This September, St. Louis hosted the top chess players in the world in its annual Rapid and Blitz Chess Tournament. This year, St. Louis also added a random chess aka Chess 960/Chess 9lx event. Former World Chess Champion Gary Kasparov participated in that event.
In the Chess 960 event, World Chess Champion Magnus Carlsen tied with America’s Hikara Nakamura for first place. In the Rapid/Blitz event, Carlsen tied with America’s Wesley So for first place, and Nakamura placed third.
This week’s position is from a blitz game between Carlsen and Nakamura. Nakamura is white; Carlsen, black.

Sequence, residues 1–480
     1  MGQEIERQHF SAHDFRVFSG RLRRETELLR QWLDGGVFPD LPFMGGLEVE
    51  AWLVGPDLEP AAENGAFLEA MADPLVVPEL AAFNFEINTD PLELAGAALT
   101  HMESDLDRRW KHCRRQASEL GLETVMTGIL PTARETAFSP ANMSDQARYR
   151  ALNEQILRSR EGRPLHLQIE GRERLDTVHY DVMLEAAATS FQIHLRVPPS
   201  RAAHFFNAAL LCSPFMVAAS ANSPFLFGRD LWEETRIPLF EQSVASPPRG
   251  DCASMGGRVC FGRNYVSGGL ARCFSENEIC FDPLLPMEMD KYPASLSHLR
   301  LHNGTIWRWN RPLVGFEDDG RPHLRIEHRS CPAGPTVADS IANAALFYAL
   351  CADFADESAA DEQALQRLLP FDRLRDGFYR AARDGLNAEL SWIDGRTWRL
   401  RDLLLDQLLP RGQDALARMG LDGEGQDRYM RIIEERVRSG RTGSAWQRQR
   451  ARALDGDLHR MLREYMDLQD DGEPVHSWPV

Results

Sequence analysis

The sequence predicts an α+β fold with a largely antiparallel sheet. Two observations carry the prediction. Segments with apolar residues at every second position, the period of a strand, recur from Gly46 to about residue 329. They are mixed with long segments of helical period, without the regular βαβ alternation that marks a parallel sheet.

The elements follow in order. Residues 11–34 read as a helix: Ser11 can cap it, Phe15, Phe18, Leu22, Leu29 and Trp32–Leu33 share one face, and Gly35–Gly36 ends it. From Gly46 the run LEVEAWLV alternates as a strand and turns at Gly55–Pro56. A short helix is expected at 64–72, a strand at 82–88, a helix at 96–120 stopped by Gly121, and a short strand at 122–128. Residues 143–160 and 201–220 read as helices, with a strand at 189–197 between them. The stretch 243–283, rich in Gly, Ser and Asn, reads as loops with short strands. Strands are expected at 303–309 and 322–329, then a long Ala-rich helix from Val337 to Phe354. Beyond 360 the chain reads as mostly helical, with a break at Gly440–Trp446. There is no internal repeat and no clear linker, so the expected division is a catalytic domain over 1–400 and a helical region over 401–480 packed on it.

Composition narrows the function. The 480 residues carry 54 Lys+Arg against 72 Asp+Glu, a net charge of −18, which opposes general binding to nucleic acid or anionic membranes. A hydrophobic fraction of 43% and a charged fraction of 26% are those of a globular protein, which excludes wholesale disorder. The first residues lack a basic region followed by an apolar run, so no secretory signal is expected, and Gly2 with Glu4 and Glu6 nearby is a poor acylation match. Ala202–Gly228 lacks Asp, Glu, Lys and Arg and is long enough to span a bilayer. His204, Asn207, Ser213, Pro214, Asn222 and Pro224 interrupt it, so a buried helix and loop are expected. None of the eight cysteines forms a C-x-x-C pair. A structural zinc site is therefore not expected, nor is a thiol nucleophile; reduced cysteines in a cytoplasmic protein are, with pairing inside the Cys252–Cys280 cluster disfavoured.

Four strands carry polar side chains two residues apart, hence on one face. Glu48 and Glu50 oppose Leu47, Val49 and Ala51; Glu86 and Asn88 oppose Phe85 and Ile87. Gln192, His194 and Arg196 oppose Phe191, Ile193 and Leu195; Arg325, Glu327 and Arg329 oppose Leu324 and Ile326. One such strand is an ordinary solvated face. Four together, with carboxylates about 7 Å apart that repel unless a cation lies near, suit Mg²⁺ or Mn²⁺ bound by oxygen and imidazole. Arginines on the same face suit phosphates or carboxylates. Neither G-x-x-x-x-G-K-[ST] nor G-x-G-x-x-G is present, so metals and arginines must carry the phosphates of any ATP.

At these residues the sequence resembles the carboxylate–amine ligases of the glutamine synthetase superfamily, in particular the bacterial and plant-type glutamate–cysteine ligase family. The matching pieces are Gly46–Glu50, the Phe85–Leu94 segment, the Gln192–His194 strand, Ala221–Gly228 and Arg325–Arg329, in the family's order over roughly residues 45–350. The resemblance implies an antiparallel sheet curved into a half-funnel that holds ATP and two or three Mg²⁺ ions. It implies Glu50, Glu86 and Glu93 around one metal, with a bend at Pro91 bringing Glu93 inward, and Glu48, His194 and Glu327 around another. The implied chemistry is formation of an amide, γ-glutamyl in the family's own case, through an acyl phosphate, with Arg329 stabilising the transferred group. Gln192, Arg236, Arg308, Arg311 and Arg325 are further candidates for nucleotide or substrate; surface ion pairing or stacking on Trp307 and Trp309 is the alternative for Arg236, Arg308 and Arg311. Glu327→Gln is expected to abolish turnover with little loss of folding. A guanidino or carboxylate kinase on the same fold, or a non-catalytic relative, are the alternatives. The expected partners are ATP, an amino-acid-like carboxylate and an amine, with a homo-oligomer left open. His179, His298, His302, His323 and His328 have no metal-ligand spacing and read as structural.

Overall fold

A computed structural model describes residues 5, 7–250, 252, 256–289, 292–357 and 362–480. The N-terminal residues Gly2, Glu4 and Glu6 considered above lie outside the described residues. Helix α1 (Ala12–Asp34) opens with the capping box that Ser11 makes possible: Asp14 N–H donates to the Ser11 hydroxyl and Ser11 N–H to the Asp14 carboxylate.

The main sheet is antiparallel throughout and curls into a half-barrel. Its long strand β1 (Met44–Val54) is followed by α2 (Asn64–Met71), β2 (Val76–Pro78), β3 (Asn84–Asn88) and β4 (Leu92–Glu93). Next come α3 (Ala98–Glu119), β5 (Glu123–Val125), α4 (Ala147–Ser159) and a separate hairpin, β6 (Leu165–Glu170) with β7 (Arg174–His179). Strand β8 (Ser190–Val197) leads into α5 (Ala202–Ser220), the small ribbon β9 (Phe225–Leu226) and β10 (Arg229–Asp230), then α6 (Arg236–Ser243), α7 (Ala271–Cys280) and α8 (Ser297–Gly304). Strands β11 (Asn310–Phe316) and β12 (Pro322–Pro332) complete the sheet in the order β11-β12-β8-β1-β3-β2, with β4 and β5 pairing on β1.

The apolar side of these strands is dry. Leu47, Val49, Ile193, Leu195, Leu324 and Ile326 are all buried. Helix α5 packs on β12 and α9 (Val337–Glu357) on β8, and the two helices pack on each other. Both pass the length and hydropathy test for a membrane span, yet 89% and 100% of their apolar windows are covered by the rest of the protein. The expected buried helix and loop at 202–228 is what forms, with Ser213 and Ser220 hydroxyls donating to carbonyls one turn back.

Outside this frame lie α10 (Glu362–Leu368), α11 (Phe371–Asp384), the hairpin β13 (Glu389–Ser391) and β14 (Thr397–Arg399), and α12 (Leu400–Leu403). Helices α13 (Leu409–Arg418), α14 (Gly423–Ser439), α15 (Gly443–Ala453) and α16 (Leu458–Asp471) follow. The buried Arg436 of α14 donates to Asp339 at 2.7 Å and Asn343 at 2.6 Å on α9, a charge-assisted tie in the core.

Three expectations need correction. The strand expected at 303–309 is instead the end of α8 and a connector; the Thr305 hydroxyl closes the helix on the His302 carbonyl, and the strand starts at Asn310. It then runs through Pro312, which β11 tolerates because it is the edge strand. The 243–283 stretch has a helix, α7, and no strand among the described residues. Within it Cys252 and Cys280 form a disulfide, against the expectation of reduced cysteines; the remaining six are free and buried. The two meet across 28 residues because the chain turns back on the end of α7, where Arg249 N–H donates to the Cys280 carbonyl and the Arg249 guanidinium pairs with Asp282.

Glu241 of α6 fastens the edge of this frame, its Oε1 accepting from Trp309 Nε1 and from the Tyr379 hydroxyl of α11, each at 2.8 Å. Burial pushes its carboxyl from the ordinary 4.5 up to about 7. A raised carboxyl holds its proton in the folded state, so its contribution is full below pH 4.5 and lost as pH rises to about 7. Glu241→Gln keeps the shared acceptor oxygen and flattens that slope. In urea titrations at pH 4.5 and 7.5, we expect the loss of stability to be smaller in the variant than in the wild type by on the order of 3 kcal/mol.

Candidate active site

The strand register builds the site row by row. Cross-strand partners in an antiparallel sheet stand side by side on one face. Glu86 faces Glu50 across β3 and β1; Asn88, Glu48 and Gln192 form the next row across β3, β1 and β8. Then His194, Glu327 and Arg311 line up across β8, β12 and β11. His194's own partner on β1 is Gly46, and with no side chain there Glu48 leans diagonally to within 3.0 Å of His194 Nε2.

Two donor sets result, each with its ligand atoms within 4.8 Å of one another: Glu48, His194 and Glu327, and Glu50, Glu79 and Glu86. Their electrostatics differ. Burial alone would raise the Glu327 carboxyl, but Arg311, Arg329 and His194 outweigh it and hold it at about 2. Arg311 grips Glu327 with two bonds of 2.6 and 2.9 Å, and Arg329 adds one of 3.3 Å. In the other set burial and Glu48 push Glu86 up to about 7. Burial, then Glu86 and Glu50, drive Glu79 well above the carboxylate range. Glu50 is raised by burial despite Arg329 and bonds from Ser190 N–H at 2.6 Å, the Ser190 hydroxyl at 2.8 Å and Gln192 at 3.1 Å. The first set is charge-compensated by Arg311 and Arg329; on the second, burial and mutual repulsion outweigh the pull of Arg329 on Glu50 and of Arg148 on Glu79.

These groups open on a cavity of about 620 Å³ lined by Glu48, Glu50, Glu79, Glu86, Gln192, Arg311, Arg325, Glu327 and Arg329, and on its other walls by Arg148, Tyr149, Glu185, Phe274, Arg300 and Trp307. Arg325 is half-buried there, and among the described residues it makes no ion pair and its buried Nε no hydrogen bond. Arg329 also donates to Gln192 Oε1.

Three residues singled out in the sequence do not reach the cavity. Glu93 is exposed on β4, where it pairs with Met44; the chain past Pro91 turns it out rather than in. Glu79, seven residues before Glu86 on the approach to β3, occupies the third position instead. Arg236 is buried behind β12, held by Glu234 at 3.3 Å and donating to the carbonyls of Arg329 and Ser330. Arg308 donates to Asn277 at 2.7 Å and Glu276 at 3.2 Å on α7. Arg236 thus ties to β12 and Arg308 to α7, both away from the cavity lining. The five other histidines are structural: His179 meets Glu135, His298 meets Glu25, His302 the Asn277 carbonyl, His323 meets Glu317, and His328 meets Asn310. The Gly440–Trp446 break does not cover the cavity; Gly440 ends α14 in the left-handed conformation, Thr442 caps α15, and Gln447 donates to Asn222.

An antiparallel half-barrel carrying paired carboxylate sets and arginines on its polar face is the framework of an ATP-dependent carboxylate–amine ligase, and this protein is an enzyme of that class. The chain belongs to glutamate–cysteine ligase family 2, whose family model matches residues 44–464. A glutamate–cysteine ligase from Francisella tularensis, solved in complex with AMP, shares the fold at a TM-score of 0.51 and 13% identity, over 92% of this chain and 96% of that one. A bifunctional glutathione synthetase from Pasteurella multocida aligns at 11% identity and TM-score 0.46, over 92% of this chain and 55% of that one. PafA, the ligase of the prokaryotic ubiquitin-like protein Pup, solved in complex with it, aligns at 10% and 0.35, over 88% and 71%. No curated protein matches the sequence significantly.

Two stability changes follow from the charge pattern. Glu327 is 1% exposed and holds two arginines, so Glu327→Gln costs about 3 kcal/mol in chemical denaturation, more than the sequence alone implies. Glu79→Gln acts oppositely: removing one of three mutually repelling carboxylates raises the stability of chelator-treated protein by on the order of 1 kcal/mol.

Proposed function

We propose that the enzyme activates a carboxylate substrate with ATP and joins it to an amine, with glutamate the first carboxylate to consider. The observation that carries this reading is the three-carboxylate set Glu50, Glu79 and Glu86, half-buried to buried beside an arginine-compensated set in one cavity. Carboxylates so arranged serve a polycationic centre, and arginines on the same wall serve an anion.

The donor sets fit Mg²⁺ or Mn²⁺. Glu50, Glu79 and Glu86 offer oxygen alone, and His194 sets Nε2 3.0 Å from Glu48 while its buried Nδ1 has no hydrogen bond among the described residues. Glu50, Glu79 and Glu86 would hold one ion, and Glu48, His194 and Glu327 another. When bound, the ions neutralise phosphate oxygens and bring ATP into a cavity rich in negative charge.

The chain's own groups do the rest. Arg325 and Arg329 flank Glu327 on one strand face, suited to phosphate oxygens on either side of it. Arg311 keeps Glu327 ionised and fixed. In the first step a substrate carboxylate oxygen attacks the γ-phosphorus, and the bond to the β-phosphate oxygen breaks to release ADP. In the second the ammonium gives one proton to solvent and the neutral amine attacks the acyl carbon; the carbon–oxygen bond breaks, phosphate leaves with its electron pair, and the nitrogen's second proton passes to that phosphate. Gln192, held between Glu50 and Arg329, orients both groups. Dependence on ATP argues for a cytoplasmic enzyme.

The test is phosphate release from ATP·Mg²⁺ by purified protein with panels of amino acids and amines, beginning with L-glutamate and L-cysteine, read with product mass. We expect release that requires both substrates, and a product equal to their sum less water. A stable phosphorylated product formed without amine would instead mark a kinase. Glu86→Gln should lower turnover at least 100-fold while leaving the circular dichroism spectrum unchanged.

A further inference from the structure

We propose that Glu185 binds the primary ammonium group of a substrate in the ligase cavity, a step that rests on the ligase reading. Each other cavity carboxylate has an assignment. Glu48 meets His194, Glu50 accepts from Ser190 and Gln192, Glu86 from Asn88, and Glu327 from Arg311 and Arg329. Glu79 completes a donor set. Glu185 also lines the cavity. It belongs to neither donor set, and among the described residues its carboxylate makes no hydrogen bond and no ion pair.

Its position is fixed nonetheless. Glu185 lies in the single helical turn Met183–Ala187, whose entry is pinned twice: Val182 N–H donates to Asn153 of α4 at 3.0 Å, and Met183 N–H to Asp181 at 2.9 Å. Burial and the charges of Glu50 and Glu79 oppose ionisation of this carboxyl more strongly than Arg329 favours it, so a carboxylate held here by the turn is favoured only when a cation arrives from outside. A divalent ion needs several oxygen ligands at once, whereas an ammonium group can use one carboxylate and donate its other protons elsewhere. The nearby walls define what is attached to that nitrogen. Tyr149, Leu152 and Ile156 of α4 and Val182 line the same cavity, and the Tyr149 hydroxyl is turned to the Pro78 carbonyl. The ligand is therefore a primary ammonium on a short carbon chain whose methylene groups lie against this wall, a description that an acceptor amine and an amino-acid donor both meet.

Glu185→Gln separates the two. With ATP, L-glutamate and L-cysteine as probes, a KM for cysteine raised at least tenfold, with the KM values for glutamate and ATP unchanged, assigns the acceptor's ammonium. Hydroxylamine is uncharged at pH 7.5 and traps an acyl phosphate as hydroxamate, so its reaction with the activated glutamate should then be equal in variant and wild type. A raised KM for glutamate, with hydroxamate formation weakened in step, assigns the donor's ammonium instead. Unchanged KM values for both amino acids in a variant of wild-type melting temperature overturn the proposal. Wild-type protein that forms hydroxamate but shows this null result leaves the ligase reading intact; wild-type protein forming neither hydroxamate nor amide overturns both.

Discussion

Black’s king is cornered, and it’s king-side shattered. White’s queen bears down on the enemy king from h4. White adds to this pressure by sliding its rook on d3 to h3, threatening mate.
Black has two defenses. First, black can throw its knight in front of the queen by moving it to h6. White’s queen snatches the knight and then mates on h7 with the support of its rook.
Secondly, black blocks the checkmate on h7 by advancing its h7 pawn to h6. White then relocates its rook to g3 (see next diagram).
Because the black king has so few options, irrespective of how black responds to rook to g3, white next moves its queen to g4 and then mates on g7 with the support of the rook.
The lesson this week is dominating the files near an enemy king usually bears fruit.